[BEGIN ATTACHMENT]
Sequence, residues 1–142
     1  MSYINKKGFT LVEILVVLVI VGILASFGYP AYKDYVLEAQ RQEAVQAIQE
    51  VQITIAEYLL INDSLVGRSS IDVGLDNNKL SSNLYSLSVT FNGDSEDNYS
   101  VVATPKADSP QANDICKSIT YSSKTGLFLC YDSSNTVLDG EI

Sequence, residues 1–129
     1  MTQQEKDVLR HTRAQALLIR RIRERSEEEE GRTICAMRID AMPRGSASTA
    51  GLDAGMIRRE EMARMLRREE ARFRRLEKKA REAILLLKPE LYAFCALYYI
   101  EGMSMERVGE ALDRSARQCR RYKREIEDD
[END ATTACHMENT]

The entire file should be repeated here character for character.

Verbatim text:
Sequence, residues 1–142
     1  MSYINKKGFT LVEILVVLVI VGILASFGYP AYKDYVLEAQ RQEAVQAIQE
    51  VQITIAEYLL INDSLVGRSS IDVGLDNNKL SSNLYSLSVT FNGDSEDNYS
   101  VVATPKADSP QANDICKSIT YSSKTGLFLC YDSSNTVLDG EI

Sequence, residues 1–129
     1  MTQQEKDVLR HTRAQALLIR RIRERSEEEE GRTICAMRID AMPRGSASTA
    51  GLDAGMIRRE EMARMLRREE ARFRRLEKKA REAILLLKPE LYAFCALYYI
   101  EGMSMERVGE ALDRSARQCR RYKREIEDD